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Linda Likes Being Down an Octave

Linda told me last week she likes being down an octave. That’s unusual. Most students really love the higher registers, especially repeated phrases that seem to hang sweetly from above, giving time for further reflection. But not Linda. She prefers to bring things down a notch.

Maybe we’ve grown tired of considering it all, stuck at home with our own thoughts for what seems a lifetime. If you play piano, you’re likely a bit solitary by nature. Even adult students would have once been those children who could sit at a piano and get lost in the world of music, had life been laid out that way for them. We often enjoy some time alone, I think it’s fair to say. Even so, 2020 has been tough for all of us. Like Sandra says, “If you’re not a little stressed out these days, you must not be human.”

We like orderliness. Why else would we get such pleasure from completing Sudoku and crosswords and -- best yet -- jigsaw puzzles, pictures all cut up into thousands of pieces just so we can reorder them? Isn’t it nearly impossible to bring yourself to break those little pieces back up? If not for the need to reclaim the dining table, we might want to simply admire that completed 5000 piece puzzle for a lifetime, right?

I don’t know anyone who hasn’t cleaned out at least a few drawers and closets this year. Seems we are making room for all the space we can’t find in our own minds by clearing out the physical space around us. We’ve cleaned out our inboxes, unsubscribed to email lists with a vengeance, cleaned out the basement, the medicine cabinet, culled the dog toys. You name it, we’ve gotten around to it.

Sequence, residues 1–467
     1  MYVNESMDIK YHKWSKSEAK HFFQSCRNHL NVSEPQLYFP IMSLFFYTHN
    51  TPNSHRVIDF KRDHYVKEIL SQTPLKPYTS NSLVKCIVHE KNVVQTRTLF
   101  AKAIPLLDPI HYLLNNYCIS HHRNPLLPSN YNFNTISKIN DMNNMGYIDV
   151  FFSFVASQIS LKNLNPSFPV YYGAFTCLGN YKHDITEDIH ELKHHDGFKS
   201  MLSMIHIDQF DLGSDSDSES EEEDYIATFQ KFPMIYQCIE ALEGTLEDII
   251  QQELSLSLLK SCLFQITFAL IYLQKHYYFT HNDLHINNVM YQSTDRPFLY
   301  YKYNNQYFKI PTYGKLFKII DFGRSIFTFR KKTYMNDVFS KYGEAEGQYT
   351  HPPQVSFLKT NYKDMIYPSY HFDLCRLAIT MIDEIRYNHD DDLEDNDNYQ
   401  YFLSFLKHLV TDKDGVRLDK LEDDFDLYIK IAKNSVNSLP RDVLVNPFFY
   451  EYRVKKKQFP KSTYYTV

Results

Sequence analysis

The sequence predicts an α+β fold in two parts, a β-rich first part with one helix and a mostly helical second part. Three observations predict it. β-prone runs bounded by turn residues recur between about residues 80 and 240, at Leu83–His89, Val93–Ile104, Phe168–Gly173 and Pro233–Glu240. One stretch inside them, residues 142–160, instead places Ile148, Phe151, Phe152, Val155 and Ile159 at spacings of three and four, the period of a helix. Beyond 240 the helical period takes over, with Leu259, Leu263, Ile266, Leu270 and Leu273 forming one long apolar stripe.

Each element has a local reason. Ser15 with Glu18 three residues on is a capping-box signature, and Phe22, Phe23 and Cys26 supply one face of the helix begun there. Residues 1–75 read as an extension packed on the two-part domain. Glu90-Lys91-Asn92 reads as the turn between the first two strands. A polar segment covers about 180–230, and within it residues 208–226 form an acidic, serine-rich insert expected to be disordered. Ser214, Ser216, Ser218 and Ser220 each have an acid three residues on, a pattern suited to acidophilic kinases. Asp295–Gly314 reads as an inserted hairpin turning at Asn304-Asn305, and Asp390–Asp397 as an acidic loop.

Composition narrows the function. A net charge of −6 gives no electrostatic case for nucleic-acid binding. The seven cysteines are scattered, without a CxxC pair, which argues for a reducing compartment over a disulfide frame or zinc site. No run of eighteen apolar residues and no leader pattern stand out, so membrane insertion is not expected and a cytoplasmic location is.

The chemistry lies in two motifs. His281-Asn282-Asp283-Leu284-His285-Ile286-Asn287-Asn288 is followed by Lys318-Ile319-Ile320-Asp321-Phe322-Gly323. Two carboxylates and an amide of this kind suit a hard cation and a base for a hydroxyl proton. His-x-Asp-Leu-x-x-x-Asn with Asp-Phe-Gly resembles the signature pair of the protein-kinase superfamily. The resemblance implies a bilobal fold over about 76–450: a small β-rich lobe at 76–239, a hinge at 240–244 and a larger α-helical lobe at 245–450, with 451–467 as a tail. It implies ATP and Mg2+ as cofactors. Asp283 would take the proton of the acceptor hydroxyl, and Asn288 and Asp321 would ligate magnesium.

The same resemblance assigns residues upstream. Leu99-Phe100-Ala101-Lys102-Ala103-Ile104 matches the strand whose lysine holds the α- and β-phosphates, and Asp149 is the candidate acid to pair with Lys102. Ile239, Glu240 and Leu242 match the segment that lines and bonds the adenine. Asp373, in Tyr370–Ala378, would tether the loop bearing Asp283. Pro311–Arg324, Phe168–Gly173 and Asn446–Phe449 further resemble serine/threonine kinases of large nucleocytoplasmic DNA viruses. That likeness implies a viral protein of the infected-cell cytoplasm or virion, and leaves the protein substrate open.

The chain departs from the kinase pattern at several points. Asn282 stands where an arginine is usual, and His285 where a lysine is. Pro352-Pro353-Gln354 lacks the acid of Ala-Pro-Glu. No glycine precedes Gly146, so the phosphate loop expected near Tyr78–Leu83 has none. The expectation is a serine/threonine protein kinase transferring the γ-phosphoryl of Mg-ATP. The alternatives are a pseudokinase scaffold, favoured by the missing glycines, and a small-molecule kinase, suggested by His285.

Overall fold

But, still, we feel the same. Tackling those lists just doesn’t seem to offer the sense of satisfaction it might have last January, for instance.

I think piano helps. In the world of music, we have the luxury of bringing things into a beautifully ordered state of being. This orderliness is required all along the way, of course. With a disciplined approach and dedication to time, we work to piece the music together, quite literally breathing it into life. It is its own glorious world, and we're so fortunate to be able to immerse ourselves into this beauty that only exists in the living moment. There’s something very comforting about the ritual of it all: the regular rhythms and familiarity of the scales and arpeggios, the unearthing of new music that slowly unfolds, the satisfaction of sight reading, the return to pieces we can play for pure pleasure, the discovery of the myriad ways to articulate a short phrase. In this space, time itself can be suspended, if we allow for it.

I love the saying “the magic touch.” This is the world of piano playing.

I hope it brings you some peace of mind.

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